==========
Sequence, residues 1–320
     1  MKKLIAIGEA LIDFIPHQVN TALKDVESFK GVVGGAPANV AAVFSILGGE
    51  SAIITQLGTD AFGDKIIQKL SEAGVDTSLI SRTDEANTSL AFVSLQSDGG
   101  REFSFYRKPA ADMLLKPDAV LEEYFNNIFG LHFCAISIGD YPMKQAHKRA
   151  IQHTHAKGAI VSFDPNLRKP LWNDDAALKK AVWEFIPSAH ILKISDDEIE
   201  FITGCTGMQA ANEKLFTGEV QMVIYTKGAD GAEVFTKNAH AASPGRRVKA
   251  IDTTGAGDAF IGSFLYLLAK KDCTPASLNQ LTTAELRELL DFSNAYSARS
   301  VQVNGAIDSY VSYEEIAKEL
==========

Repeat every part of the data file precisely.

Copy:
Sequence, residues 1–320
     1  MKKLIAIGEA LIDFIPHQVN TALKDVESFK GVVGGAPANV AAVFSILGGE
    51  SAIITQLGTD AFGDKIIQKL SEAGVDTSLI SRTDEANTSL AFVSLQSDGG
   101  REFSFYRKPA ADMLLKPDAV LEEYFNNIFG LHFCAISIGD YPMKQAHKRA
   151  IQHTHAKGAI VSFDPNLRKP LWNDDAALKK AVWEFIPSAH ILKISDDEIE
   201  FITGCTGMQA ANEKLFTGEV QMVIYTKGAD GAEVFTKNAH AASPGRRVKA
   251  IDTTGAGDAF IGSFLYLLAK KDCTPASLNQ LTTAELRELL DFSNAYSARS
   301  VQVNGAIDSY VSYEEIAKEL